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Maple Trees at Mama, Tekona Shrine and Linked Bridge Mama no momiji Tekona no yashiro Tsugihashi
|| New reproduction
||260mm x 390mm
Mama was over ten miles east of central Edo, on the far side of the Edogawa River in the present city of Ichikawa, Chiba Prefecture, but the beauty of its autumn maples was such that it was worth the trip. In earlier times, the fame centered on a particular tree of great size, but the Edo meisho zue account of 1836 (vol. VII) relates that only the stump remained. Hiroshige, however, may possibly be alluding to this one tree in his use of a single large forked trunk to frame the view. At any rate, the foliage of the surviving trees in the precincts of the Nichiren temple of Guhoji assured the continuing scenic fame of Mama, as the artist emphasizes with the dominant leaves in the center foreground-their glorious orange color unfortunately blackened with age. Beyond the maple trees of Mama lie the shrine and bridge mentioned in the title. These were famous places of an older sort, less important as actual sites to be visited than as places that for centuries had enjoyed a life of their own in Japanese literature. The literary fame of Mama dates back to Japan's first great poetry anthology, the Man ydsnu-particularly to the tale of Tekona, the beautiful country maid who was so harassed by suitors that she threw herself into the waters of Mama in desperation. Takahashi Mushimaro told her story: She walked unshod, her hair uncombed, And yet no high-born damsel dressed in rich brocade Compared with this country girl. When she stood smiling like a flower, Her face like the full moon, Many were the suitors seeking her, As summer moths the fire, As ships in haste the harbor. Why did she wish to die When life is but a breath? She laid herself in her grave, The river-mouth, under the noisy surf. (Nippon Gakujutsu Shinkokai translation) Many centuries later, in 1501, the seventh abbott of Guhoji consecrated the small shrine to Tekona that Hiroshige has depicted here to the lower left, partly hidden by the tree trunk. In Hiroshige's time, the shrine had progressed from a literary to a religious landmark, and the worship of Tekona was believed to aid in childbirth and in the cure of chicken pox. The shrine survives today, much as it appears here, although the surrounding area is now densely settled. In the center of the print, beyond Tekona Shrine, is another legacy of the Man yoshu, the Linked Bridge of Mama over which one of Tekona's suitors came to woo her. The Edo meisho zue reports two theories of the name Tsugihashi- that it was a small bridge linking two larger bridges, or that planks resting on either shore were linked at the center by a supporting beam. Neither theory fits the bridge as shown by Hiroshige. The poetic memory of the name as first used in the Man'yoshu was at any rate far more important: Would there were a horse That could travel with silent feet! Then, over the jointed bridge of Mama In Katsushika, I'd come to you Night after night. The forms of the distant mountains shown here are virtually identical to those of the Nikko Range and Mount Tsukuba as depicted elsewhere, but this makes no topographical sense, since the view here is to the south. Kohiyama has proposed that these mountains are on the Chiba Peninsula, with Mount Nokogiri on the right. But the form is indisputably that of Mount Tsukuba, and I would suggest that Hiroshige has contravened topographical realities in order to incorporate a further reference to the Man'yoshu, in which the two major accounts of the story of Tekona (in Books III and IX) are preceded by poems about climbing Mount Tsukuba. Hiroshige has thus "quoted" the form of Mount Tsukuba to indicate its literary proximity to Mama. .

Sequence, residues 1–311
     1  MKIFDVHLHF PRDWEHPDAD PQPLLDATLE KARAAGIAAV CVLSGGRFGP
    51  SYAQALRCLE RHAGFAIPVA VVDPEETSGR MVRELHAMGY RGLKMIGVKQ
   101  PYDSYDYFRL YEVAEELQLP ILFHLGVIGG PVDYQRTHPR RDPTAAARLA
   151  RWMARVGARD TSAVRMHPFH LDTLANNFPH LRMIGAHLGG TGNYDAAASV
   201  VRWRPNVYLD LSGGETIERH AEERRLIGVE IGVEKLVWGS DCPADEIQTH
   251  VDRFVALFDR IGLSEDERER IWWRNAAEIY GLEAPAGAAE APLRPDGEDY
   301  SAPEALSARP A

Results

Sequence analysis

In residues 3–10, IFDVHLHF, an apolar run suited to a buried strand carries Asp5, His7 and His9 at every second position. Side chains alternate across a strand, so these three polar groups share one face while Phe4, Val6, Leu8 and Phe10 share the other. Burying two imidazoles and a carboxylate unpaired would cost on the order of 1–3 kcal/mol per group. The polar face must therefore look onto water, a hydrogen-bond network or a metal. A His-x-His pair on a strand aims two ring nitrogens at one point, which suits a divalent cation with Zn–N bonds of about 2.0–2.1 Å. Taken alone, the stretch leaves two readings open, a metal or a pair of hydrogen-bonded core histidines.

Smith H.D and Poster A.G., Hiroshige, One Hundred Famous views of Edo., George Braziller Inc., 1st edn., 4th reprint , 1986Summary Page | Home | landscapes | Previous Picture | Next Picture |